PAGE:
The Use of Bootstrapping by Women Entrepreneurs in Positioning for Growth

Candida Brush, Babson College, USA
Patricia G. Greene

(with Nancy M. Carter, Elizabeth J. Gatewood, Myra M. Hart)

Abstract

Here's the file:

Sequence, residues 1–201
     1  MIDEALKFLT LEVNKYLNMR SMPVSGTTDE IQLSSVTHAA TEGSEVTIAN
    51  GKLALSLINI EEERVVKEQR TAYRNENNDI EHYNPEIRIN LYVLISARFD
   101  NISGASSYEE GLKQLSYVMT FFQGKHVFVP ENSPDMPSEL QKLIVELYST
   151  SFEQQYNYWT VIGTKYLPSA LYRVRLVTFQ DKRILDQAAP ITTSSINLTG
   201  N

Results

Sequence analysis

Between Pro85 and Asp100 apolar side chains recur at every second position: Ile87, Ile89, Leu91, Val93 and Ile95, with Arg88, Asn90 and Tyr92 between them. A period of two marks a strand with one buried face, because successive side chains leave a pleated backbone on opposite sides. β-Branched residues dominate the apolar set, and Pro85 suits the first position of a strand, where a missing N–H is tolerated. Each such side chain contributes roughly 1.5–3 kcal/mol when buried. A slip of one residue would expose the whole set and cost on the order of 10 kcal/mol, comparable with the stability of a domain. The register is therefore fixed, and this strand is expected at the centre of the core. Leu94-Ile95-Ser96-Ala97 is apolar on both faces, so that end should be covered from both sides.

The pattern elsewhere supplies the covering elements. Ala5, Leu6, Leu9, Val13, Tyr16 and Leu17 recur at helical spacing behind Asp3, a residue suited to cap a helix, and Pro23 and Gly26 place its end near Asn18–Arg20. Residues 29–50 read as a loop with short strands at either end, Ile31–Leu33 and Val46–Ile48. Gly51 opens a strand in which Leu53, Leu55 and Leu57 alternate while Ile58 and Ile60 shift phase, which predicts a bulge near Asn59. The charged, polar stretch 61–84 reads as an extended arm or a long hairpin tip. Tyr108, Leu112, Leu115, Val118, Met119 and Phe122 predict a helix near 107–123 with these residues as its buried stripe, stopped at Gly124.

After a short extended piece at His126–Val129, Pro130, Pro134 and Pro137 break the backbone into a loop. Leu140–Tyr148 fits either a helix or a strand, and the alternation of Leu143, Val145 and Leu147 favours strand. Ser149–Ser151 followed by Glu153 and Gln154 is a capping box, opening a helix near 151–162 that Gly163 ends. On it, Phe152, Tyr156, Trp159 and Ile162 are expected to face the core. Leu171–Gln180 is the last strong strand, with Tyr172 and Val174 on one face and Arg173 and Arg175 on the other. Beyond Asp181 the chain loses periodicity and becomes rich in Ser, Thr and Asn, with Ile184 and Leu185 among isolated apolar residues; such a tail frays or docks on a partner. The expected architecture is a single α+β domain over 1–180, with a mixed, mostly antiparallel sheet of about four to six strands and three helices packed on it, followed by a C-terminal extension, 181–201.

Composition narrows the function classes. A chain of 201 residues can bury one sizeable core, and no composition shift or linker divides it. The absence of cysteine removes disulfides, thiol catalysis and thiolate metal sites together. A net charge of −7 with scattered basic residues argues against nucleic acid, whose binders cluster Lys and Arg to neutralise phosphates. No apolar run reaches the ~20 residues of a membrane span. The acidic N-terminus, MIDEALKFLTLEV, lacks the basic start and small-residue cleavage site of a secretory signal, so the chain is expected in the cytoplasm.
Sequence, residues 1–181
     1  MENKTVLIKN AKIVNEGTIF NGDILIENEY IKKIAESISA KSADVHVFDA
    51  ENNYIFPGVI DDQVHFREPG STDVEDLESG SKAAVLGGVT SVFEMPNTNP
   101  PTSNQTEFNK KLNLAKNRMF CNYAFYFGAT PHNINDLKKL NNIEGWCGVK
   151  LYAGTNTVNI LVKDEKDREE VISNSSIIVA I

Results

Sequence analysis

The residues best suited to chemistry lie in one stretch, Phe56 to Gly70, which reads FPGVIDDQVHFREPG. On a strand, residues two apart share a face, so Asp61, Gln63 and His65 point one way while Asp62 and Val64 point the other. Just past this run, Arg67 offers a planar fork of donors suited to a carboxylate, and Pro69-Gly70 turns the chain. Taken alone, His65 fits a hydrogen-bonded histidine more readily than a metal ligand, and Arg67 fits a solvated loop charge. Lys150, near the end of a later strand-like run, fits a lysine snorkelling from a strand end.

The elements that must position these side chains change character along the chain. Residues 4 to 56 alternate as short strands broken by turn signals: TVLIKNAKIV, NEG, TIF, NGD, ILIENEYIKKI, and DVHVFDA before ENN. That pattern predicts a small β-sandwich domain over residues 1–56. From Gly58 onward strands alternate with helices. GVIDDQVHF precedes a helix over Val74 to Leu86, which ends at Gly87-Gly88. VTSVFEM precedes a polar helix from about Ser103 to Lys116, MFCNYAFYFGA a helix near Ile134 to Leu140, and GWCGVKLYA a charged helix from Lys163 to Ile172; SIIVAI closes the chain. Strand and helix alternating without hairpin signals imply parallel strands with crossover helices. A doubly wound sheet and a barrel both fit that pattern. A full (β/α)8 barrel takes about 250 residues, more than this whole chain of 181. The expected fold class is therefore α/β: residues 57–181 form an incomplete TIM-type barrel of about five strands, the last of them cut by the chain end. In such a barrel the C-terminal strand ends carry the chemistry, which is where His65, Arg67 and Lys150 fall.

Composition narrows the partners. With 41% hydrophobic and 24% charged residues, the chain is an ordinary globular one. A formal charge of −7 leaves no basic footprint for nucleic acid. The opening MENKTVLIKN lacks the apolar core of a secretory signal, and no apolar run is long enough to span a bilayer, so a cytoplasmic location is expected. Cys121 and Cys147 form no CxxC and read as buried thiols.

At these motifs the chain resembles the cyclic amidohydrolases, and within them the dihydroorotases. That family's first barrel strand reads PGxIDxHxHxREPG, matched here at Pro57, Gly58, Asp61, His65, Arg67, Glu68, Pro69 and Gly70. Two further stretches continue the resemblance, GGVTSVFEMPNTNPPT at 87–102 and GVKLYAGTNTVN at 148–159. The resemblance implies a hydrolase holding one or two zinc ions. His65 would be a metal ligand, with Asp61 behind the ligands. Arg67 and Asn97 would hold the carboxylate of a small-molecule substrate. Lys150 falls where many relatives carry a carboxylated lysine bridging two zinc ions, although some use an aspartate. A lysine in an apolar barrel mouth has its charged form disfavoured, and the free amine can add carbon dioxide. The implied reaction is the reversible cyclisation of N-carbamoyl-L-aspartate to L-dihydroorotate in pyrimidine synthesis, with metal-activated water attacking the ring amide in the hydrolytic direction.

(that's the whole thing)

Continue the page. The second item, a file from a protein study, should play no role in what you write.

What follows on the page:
The number of women entrepreneurs is rising rapidly and many are creating substantial businesses. For most women-led ventures, growth is funded by personal investment and debt, although a small percentage draw on private equity investment to fuel high growth. Of those that seek growth, not only do they face higher obstacles in obtaining capital, but little is known about ways they position ventures for growth. This paper addresses the question: 'How do women develop financing strategies to prove the business concept, meet early stage milestones, and demonstrate to external investors the value and potential of their businesses?' Data are drawn from phone interviews with 88 US female entrepreneurs seeking an equity investment to grow their businesses. The analysis examines the correspondence between bootstrapping and stage of business development. Results show significant differences in the use of bootstrap options utilized by women-led ventures depending on stage of business development. Companies that have not achieved sales were more likely to emphasize bootstrapping to reduce labour, while those companies with greater sales were more likely to minimize cost of operations. Implications for future research and education are suggested.

 

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